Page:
It has been revealed by a number of music industry sources that Apple has signed an agreement with EMI Music for cloud-music licensing and similar deals are near completion with other studios such as Sony Music Entertainment and Universal Music Group. It has previously been reported that a deal with Warner Music Group is already in place. These licensing agreements will let Apple offer a cloud-music service which will be fully licensed. rivaling similar unlicensed services from Amazon and Google. The sources have even claimed that the negotiations with Universal Music and Sony Music Group can be wrapped up by next week itself. This effectively means that Apple will be in possession of signed contracts with all of the top four music companies by the 6th of June when the company launches its Worldwide Developers Conference. The sources, however, could not confirm when Apple will announce the deals or unveil its cloud-music service. There were no comments from the representatives of Apple or the record labels.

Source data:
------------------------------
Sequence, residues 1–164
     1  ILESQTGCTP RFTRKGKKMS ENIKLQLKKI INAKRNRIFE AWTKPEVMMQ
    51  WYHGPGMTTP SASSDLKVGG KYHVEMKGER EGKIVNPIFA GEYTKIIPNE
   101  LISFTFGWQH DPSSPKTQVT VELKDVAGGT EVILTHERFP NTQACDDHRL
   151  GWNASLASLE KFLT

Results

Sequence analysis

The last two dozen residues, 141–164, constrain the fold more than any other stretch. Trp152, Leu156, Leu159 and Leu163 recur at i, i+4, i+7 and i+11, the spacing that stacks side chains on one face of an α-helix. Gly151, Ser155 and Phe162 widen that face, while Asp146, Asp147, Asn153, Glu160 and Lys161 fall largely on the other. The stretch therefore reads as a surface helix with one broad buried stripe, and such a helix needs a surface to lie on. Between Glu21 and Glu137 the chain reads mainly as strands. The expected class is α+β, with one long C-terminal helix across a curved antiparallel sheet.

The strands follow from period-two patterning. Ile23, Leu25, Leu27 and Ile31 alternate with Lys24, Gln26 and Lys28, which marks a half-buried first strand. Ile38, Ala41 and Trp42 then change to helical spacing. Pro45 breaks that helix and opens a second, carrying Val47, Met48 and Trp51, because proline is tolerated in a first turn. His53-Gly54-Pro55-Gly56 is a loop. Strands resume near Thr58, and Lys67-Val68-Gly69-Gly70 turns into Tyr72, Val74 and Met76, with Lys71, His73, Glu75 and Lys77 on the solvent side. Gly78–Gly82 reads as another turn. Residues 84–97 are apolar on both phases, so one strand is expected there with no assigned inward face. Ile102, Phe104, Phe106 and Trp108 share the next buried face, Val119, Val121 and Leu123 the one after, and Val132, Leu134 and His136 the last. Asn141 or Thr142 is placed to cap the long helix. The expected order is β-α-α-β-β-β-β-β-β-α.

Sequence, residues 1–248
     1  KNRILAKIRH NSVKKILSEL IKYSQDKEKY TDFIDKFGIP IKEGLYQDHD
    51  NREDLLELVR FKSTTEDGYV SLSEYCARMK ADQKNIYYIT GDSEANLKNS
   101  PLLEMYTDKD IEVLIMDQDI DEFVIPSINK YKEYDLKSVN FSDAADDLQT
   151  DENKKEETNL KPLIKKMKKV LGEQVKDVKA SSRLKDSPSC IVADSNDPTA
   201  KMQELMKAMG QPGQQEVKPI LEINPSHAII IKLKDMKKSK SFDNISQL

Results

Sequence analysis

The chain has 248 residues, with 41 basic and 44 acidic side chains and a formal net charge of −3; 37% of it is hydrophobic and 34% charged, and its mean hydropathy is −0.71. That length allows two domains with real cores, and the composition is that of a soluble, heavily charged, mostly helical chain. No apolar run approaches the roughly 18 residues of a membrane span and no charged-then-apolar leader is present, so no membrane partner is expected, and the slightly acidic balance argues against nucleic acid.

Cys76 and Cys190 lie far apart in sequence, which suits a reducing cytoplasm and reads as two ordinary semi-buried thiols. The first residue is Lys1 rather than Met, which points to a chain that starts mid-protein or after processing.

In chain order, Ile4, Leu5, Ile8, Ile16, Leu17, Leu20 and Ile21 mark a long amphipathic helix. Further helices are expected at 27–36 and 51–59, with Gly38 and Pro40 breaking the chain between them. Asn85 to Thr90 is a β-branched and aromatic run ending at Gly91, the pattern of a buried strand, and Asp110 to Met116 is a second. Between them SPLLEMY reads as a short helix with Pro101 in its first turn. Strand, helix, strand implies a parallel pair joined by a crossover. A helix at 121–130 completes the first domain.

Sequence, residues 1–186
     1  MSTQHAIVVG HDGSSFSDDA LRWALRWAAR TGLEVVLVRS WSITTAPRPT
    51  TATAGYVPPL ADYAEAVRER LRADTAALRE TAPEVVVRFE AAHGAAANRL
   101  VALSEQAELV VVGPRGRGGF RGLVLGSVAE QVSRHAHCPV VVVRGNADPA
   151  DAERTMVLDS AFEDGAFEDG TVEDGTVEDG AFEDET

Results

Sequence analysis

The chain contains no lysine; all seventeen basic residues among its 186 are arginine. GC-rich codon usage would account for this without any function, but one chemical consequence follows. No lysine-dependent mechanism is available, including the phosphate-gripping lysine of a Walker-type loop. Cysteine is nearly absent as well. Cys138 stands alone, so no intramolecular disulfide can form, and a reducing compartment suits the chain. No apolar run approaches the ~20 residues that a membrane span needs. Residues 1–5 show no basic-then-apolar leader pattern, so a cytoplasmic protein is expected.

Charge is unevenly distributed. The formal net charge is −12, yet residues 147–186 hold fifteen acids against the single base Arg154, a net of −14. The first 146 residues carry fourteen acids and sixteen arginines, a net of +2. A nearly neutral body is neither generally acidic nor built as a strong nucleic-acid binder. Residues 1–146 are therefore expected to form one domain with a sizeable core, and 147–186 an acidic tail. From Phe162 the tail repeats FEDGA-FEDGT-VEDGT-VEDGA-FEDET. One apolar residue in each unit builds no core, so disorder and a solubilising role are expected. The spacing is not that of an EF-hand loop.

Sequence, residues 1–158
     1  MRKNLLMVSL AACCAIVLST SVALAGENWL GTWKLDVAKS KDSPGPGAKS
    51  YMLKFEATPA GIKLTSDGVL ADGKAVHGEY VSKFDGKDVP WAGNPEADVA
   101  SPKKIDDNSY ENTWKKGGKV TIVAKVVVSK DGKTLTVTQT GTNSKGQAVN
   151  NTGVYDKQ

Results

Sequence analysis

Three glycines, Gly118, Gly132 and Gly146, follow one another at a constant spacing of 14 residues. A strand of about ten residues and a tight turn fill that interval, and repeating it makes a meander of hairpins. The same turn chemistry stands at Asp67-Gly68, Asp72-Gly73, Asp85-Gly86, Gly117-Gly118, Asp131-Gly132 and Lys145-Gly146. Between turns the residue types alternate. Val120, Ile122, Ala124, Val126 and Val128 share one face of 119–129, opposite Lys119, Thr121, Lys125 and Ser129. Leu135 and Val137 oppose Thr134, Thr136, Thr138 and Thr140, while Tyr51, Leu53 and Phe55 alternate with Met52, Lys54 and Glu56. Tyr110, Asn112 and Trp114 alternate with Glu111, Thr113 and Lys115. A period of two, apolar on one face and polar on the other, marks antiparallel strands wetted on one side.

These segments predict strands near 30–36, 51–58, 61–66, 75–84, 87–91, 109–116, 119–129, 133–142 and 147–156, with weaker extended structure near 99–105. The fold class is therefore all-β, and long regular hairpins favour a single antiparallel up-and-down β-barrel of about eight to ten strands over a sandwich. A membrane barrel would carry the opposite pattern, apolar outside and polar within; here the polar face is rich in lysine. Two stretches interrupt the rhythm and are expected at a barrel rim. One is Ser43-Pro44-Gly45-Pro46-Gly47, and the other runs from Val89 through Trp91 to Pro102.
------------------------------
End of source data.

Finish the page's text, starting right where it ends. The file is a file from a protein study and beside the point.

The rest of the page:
The term cloud refers to a person using a third party server for purposes of computing instead of a local PC. Cloud music services offer to store the songs of the customers on the servers of the company, which then enables the customers to conveniently be able to access their songs from any mobile device connected to the internet.
Apple will be the third company to offer such services to its users, behind Amazon and Google; however the company will be able to offer a number of features that its rival are not permitted to due to restrictions in licensing. One of the examples of such features is that while cloud services from Amazon and Google require users to painstakingly upload their entire library to the company’s servers, Apple can simply scan the user’s library and then instantly provide streaming access to the copies of the song’s master recordings stored in the company’s servers.